Release Date: 2008
Number Of Tracks: 17
In what is an album of acuity, Ultimate-Guitar's very own blues guitarists exhibit their mastery of the Blues genre; showcasing the overwhelming presence of skill to be found in UG's members.
Ultimate-Guitar's very own blues guitarists collaborate to great effect, on what should be advertised as the ideal introduction to blues. Listening to music as passionately recorded as this, one need not look to any other source of inspiration to listen to more blues music.
Insofar as there is so much talent on show, it is hard to choose a select few tracks to discuss here. On an album on which Max Korlinge's track: Joyous Blues is joyously up-tempo, enfilading the listener with a blaze of harmonica-guitar blues; and Ian Schober's Blues in E turns out a rampant, galloping guitar rhythm that bands such as Iron Maiden would die for, there is a real sense of artisanship about this album. An industrious effort, it is; however, the 'fabric' of the UG Blues album is to be found within Shine On Blues, performed by James Hayes. Recorded in an uncommonly refined manner, his labours boast erudition. Despite doing their best to remain as sincere and insouciant as possible, there is a tangible expression of grace on this album, and it's a testament to the artists' proficiency. Whether it is the adagio of Grey Sky Blues, or the intricacy of Sam J. Parker's Desolation Blues, Ultimate-Guitar's blues artists do the site justice. // 8
Lyrics: Largely instrumental, with the notable exception of Workin', performed by Kevin Saucier, and a few of the covers, the lyrical qualities of the album are largely demonstrated by Amos Helvey. The apex of delight and raw passion on this album is arguably his rendition of Rollin' and Tumblin', the Muddy Waters classic. This mix of covers and originals blends excellently, and it seems fitting that Muddy Waters' influence inexorably endures on modern day blues. The Liquid Blues Band's very own Gone Forever is yet another standing tribute to the talent of Ultimate-Guitar, and lyrically holds it's own, retelling the story of 'my baby', who is 'gone forever [...] straight outta town', leaving the vocalist 'so down'. Don't let that get you down, there's plenty to keep you up beat on this album! // 7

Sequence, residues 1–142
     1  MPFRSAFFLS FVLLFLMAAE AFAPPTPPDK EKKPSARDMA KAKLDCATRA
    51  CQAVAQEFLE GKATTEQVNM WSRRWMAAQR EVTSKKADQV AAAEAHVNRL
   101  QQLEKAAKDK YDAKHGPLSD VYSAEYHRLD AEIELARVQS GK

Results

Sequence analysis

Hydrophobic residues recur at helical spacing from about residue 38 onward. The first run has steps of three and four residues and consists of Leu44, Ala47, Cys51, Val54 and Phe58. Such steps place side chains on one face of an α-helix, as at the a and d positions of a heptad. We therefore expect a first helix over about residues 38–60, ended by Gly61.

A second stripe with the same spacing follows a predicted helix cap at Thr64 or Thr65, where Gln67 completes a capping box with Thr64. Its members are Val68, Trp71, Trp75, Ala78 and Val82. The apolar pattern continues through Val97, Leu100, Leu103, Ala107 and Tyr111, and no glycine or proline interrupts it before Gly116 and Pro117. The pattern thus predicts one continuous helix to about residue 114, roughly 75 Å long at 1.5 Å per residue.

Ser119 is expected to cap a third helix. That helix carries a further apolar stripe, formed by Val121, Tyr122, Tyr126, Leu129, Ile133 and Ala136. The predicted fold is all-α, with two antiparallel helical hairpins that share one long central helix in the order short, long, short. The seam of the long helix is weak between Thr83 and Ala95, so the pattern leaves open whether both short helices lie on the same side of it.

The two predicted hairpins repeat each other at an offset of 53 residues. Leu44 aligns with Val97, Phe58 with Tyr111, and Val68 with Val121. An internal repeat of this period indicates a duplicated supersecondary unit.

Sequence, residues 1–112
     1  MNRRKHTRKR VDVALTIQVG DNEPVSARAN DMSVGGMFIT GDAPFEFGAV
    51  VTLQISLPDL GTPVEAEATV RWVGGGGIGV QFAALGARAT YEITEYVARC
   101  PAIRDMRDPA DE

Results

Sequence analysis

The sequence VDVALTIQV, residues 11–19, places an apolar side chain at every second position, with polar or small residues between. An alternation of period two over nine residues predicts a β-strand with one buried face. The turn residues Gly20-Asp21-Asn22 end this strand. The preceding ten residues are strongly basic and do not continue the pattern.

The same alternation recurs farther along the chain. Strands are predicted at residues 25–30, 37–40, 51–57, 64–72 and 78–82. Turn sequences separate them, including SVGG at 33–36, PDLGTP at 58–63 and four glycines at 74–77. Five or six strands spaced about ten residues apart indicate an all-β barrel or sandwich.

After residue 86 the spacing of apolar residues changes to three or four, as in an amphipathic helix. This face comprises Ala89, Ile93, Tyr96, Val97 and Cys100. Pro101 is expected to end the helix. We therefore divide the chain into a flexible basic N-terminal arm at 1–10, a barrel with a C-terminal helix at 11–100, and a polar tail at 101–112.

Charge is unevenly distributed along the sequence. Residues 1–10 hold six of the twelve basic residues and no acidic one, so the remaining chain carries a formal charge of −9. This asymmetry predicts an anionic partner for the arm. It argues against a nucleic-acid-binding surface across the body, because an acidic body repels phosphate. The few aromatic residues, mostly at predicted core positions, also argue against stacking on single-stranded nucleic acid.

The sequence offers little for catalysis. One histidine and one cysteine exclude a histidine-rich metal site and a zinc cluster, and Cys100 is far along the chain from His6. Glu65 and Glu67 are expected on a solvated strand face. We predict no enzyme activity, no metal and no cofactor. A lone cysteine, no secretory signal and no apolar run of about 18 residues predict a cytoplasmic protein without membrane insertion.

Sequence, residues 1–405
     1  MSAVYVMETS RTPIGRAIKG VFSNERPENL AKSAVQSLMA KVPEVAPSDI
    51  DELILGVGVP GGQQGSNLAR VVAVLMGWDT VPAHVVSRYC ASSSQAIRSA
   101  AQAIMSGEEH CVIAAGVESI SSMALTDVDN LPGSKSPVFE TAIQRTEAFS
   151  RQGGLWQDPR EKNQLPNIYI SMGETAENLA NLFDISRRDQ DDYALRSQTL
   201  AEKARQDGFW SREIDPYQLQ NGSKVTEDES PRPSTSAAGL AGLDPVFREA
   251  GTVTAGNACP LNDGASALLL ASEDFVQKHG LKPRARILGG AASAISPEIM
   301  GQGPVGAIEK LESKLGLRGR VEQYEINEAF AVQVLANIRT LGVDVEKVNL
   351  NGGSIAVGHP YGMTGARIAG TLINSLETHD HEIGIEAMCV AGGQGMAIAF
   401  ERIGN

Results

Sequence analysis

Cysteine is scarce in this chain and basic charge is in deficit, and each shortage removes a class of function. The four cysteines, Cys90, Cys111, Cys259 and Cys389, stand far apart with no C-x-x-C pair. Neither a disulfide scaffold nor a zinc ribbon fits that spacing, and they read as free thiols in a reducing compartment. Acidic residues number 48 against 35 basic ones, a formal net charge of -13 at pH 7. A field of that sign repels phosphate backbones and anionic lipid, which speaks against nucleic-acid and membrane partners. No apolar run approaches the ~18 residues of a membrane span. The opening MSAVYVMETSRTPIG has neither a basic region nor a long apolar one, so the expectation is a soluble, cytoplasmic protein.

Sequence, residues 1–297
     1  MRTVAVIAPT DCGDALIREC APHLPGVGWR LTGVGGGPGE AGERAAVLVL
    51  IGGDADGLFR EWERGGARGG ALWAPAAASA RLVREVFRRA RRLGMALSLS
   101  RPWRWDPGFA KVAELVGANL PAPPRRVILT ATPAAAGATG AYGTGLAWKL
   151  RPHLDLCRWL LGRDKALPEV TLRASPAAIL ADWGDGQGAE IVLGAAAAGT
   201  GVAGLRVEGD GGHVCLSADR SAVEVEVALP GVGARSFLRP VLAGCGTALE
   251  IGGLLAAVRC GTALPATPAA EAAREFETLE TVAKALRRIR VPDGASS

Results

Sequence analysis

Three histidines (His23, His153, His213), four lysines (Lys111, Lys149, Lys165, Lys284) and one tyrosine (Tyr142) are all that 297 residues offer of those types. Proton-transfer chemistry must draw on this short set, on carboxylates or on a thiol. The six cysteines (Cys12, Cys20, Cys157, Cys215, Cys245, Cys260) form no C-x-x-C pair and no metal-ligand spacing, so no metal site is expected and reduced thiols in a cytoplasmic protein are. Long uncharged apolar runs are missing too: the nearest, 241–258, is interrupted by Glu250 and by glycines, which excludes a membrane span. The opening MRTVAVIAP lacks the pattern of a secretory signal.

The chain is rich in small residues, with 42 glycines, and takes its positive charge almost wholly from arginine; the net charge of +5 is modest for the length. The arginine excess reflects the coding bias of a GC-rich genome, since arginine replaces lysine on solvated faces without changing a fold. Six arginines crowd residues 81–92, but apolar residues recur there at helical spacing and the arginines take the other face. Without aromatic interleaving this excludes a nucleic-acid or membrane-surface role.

Overall Impression: Blues guitarists are often tempestuous, boldly revolutionary, and astutely talented. Abstemious, they are not; Ultimate-Guitars very own Blues guitarists draw influence from the greats, such as SRV, Jimi Hendrix and Muddy Waters. In the event, the only thing that is lacking from this album is a more qualified recording process throughout; let this leave you unperturbed, for the quality is there to substantiate my claims that there is a lot more to come from these guitarists. Neil Flynn, the brainchild of the project, assured me that the artists are planning another album so that we can put it onto online music shops and give the money to the charity'. With such sentiments behind the music, you can sit back and enjoy yourself. From the initiating track, recorded by the prodigious Eric Nikolaides, to the closing Stormy Monday rendition, by James Hayes, the album does not disappoint much, if at all. // 9